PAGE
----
Candy Land Is Hell. Plus Pension Stories, Financial Literacy, Gun Anxiety, Jeb On NAEP, More!

We could all do with more financial literacy – Max Marchitello with the teacher angle on that.

The 74’s Bev Weintraub on Tammie Jo Shults: Good pilots are calm under pressure, she’s a very good pilot.

Pew with some troubling data on how scared kids are about gun violence at school. Troubling in no small part because it’s a level of anxiety entirely disproportionate to the threat. You might be surprised at the many things, from the too common – cancer and car accidents – to the unusual – becoming a child bride – that are more likely to happen to young people than being shot in school. It’s terrifying when it happens, yes, and we should improve policy here, yes, but we shouldn’t let that cloud our judgement in how we present this to kids.

Here’s an interesting analysis of boundary patterns and enrollment in DC schools.

Jeb Bush on NAEP and Florida.

Mike Antonucci takes a dimmer view of the Oklahoma strike. He’s right in terms of the facts on the ground – which were not well reported in many media accounts. But I’d argue the unions were in a heads they win, tails their opponents lose situation. There may be some momentary frustration but they were playing a longer game here.

These kinds of pension stories about outliers and weird spikes are hard to lay off of, so they get headlines and illustrate that pension plans are a lot more arbitrary than people think. But they’re not the core problem – the core problem in education is that traditional pensions are just a poor fit for the labor market today and need some updating.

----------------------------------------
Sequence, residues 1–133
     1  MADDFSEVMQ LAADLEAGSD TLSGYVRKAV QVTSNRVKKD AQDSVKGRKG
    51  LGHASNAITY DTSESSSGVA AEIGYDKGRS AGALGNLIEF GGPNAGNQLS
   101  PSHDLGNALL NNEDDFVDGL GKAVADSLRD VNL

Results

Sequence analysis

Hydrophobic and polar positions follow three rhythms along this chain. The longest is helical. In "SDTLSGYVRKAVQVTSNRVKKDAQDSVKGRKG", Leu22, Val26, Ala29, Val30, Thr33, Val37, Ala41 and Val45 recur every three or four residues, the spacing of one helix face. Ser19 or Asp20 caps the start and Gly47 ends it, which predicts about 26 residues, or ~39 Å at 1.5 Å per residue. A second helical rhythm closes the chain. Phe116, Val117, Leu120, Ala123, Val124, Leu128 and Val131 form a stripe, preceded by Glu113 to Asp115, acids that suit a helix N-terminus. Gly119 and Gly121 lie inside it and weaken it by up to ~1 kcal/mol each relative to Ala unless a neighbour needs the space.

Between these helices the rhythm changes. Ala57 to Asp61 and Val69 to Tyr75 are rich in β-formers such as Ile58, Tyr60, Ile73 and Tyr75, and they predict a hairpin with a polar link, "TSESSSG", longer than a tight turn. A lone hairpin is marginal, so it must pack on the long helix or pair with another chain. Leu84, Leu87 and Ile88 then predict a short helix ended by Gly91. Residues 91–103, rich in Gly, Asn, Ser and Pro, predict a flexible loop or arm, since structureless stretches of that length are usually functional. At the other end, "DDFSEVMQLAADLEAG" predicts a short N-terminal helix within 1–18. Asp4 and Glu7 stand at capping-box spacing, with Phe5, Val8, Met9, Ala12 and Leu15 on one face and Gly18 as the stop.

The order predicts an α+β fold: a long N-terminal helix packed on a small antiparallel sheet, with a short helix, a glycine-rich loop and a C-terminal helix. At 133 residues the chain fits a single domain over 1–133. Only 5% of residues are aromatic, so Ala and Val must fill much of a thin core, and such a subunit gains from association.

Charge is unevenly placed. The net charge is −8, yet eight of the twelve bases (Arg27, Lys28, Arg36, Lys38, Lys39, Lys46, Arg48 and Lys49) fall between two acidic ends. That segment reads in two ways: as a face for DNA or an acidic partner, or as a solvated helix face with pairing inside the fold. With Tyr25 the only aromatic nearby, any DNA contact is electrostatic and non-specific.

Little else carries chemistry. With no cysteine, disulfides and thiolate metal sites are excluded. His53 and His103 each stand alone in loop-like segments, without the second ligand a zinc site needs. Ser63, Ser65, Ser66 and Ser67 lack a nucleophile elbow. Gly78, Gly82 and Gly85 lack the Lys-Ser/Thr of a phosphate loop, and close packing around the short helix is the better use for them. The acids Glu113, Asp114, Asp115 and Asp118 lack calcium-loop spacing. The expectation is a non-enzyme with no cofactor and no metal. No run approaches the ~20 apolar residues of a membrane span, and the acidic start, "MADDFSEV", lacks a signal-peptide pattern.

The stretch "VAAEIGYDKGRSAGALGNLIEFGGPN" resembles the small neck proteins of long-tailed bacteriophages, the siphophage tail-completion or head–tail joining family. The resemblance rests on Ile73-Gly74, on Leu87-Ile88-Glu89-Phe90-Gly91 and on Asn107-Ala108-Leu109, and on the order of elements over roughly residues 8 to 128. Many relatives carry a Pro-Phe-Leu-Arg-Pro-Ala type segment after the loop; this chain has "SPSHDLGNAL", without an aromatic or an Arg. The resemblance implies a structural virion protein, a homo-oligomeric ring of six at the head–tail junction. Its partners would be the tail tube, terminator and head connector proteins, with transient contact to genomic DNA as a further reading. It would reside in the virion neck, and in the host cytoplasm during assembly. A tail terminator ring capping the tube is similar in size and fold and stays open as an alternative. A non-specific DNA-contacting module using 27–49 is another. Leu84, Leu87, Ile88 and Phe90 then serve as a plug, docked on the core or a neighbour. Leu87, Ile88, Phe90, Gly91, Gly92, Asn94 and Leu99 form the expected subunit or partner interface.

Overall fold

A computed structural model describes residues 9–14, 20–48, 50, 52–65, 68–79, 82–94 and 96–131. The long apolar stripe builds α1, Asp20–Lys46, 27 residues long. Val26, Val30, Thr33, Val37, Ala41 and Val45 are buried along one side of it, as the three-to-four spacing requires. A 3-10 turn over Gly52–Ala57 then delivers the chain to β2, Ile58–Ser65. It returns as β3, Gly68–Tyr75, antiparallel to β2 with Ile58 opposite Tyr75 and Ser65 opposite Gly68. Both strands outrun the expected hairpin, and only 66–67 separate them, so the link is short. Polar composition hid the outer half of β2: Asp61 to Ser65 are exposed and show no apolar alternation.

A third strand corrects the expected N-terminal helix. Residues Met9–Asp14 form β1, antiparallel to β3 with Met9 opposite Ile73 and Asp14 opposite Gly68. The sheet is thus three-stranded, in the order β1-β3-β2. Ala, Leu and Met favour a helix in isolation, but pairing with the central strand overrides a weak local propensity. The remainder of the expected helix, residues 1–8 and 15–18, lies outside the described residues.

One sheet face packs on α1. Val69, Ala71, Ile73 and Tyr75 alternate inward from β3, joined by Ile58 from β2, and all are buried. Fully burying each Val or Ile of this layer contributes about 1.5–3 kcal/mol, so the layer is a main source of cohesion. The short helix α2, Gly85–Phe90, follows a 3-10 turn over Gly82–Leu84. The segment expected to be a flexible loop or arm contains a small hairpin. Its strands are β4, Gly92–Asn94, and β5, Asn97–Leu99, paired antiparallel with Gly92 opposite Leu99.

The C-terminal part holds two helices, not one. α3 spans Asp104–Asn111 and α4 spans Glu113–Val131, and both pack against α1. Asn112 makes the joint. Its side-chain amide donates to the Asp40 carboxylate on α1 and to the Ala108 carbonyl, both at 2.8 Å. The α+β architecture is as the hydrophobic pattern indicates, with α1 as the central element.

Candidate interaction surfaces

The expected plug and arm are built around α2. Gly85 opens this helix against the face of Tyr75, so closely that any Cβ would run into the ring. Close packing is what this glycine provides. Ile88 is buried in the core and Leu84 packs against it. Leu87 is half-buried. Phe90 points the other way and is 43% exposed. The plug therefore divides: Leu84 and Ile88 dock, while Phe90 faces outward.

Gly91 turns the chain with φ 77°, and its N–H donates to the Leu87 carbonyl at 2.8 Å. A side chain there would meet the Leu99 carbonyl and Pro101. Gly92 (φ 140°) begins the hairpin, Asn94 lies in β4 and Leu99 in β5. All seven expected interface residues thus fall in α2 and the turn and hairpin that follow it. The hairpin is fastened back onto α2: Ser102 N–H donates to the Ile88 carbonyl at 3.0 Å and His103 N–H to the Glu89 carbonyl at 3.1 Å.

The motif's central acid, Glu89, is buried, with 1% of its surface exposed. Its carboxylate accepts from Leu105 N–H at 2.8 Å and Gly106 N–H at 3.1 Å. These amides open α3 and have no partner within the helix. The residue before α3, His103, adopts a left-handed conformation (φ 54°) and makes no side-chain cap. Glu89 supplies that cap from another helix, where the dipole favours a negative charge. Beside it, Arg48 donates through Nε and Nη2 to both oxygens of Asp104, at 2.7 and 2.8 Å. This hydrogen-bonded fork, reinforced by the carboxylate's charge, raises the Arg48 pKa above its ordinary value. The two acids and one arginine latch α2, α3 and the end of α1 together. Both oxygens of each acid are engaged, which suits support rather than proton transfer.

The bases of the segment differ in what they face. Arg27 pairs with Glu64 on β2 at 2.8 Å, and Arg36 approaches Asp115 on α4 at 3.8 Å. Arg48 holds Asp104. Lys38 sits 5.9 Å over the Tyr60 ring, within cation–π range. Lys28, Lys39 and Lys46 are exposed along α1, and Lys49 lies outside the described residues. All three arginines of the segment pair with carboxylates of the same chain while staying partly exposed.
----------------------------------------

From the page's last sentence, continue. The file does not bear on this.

Candy Land is hell. How to cheat at games with your kids.

Here is a SEAL seal with a knife.

One Reply to “Candy Land Is Hell. Plus Pension Stories, Financial Literacy, Gun Anxiety, Jeb On NAEP, More!”

  1. Re: Jeb on NAEP and Florida: Governor Bush is right insofar as he claims advanced magnet scholarships work: financial incentives rewarding student study underlie engagement in advanced studies in states leading the world at the international level, such as Finland, the Netherlands, Sweden, and Switzerland, which all make university study free of tuition payments for qualified students — but those qualifications are at least a year beyond the flimsy proxies that even the most selective American colleges use, such as the SAT; and leading districts such as Singapore are similarly rigourous in their standards. America’s Ivy League rewards student marketing activities like football and cheerleading, but this self-serving behaviour has a disastrous backwash effect upon American high schools, which blunder on the path set by Charles Eliot over 100 years ago — excusable in his time, but not in ours.

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